A Parallel 2/3-Approximation Algorithm for Vertex-Weighted Matching
We consider the maximum vertex-weighted matching problem (MVM), in which non-negative weights are assigned to the vertices of a graph, and the weight of a matching is the sum of the weights of the matched vertices. Although exact algorithms for MVM are faster than exact algorithms for the maximum edge-weighted matching problem, there are graphs on which these exact algorithms could take hundreds of hours. For a natural number k, we design a k/(k + 1)approximation algorithm for MVM on non-bipartite graphs that updates the matching along certain short paths in the graph: either augmenting paths of length at most 2k + 1 or weight-increasing paths of length at most 2k. The choice of k = 2 leads to a 2/3-approximation algorithm that computes nearly optimal weights fast. This algorithm could be initialized with a 2/3-approximate maximum cardinality matching to reduce its runtime in practice. A 1/2-approximation algorithm may be obtained using k = 1, which is faster than the 2/3-approximation algorithm but it computes lower weights. The 2/3-approximation algorithm has time complexity O(Δ2m) while the time complexity of the 1/2-approximation algorithm is O(Δm), where m is the number of edges and Δ is the maximum degree of a vertex. more »
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NSF-PAR ID:
10181551
Journal Name:
SIAM 2020 Workshop on Combinatorial Scientific Computing
Page Range or eLocation-ID:
12-21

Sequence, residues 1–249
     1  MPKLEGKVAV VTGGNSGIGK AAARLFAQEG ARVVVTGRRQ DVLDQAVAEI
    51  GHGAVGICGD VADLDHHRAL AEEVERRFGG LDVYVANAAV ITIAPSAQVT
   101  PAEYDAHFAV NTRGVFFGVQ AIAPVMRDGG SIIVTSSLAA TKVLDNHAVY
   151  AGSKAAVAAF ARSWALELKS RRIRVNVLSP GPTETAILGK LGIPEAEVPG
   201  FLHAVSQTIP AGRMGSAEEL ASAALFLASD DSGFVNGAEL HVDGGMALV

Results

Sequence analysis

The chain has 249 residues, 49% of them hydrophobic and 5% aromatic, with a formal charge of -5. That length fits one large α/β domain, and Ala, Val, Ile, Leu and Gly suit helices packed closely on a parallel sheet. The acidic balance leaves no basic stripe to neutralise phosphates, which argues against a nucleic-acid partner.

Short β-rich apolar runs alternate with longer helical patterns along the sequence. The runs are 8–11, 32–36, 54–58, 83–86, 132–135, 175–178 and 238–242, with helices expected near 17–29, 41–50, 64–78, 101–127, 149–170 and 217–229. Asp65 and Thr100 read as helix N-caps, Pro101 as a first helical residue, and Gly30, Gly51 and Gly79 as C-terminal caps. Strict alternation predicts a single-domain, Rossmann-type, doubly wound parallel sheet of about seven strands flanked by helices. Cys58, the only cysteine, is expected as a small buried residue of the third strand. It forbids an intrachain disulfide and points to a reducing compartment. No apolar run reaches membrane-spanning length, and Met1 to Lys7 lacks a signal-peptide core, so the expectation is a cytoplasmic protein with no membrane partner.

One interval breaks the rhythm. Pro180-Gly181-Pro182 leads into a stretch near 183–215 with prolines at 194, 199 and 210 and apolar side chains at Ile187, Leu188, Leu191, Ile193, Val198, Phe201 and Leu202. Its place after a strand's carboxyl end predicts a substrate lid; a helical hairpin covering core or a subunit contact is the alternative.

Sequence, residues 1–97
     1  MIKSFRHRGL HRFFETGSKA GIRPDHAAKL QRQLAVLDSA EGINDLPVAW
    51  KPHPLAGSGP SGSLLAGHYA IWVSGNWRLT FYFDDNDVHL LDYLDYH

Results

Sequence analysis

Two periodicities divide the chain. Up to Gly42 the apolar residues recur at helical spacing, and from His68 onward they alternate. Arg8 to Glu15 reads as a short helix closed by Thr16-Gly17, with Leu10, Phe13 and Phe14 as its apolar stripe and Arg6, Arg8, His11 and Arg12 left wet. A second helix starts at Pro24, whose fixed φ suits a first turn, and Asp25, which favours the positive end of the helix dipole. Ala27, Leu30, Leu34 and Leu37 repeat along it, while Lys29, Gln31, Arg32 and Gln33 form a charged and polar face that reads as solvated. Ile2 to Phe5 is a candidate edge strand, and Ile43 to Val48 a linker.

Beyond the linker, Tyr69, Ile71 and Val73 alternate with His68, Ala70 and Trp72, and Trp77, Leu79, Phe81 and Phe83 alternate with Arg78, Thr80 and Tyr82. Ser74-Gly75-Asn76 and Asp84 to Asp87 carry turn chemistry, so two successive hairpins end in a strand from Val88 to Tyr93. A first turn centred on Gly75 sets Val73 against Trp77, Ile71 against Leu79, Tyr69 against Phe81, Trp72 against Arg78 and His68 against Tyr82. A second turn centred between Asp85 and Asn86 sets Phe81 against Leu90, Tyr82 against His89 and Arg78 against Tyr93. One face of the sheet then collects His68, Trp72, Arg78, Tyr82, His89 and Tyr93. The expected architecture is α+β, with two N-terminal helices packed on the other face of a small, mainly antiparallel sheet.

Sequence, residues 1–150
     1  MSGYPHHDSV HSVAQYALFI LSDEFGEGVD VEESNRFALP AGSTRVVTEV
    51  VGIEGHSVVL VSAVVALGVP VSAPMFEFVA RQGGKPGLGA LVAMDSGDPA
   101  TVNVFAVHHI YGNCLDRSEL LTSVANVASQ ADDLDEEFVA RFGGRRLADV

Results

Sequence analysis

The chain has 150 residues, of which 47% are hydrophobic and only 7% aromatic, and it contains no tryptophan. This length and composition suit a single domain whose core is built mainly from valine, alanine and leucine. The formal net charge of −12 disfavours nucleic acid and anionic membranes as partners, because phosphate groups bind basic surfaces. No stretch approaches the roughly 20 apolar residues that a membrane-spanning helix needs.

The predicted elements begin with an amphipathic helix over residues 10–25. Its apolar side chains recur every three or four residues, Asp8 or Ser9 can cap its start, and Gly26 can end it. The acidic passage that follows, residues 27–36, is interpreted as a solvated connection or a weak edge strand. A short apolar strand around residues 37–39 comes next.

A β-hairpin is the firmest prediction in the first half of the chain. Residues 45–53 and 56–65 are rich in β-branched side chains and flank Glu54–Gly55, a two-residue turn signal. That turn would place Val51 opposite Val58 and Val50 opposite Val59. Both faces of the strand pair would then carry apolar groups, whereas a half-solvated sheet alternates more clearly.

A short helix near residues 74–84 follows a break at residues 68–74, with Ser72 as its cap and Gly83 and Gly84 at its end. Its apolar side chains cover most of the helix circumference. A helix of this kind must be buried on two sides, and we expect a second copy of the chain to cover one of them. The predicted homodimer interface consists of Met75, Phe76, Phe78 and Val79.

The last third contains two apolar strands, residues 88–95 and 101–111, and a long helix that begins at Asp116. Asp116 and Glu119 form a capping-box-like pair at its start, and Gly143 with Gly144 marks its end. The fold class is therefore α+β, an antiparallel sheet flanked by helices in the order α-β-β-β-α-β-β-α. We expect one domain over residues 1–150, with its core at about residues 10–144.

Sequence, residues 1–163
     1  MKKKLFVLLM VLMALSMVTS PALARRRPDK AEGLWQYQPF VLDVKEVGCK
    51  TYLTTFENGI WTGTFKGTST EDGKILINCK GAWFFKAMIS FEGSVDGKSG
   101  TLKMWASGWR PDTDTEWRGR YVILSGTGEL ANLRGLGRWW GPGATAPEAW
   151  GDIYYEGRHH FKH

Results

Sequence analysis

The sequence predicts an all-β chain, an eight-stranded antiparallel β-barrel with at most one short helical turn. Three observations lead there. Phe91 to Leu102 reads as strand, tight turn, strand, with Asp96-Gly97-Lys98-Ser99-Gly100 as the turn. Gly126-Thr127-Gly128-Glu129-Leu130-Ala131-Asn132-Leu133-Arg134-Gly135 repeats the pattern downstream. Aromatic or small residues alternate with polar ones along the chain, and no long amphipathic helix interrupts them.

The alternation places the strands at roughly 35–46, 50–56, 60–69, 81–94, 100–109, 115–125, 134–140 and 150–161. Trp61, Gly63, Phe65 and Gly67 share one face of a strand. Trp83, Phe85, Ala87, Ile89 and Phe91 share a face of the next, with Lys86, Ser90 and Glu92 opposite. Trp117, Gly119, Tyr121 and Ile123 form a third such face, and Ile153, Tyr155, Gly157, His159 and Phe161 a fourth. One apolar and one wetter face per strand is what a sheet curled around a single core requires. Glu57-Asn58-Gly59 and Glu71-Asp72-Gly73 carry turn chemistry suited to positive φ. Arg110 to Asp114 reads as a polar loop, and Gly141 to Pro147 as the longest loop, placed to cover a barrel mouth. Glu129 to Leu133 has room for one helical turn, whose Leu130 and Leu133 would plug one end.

3. We describe a paradigm for designing parallel algorithms via approximation, and illustrate it on the b-edgecover problem. A b-edgecover of minimum weight in a graph is a subset $C$ of its edges such that at least a specified number $b(v)$ of edges in $C$ is incident on each vertex $v$, and the sum of the edge weights in $C$ is minimum. The Greedy algorithm and a variant, the LSE algorithm, provide $3/2$-approximation guarantees in the worst-case for this problem, but these algorithms have limited parallelism. Hence we design two new $2$-approximation algorithms with greater concurrency. The MCE algorithm reduces the computation of a b-edgecover to that of finding a b'-matching, by exploiting the relationship between these subgraphs in an approximation context. The LSE-NW is derived from the LSEalgorithm using static edge weights rather than dynamically computing effective edge weights. This relaxation gives LSE a worse approximation guarantee but makes it more amenable to parallelization. We prove that both the MCE and LSE-NW algorithms compute the same b-edgecover with at most twice the weight of the minimum weight edge cover. In practice, the $2$-approximation and $3/2$-approximation algorithms compute edge covers of weight within $10\%$ the optimal. We implement three of themore »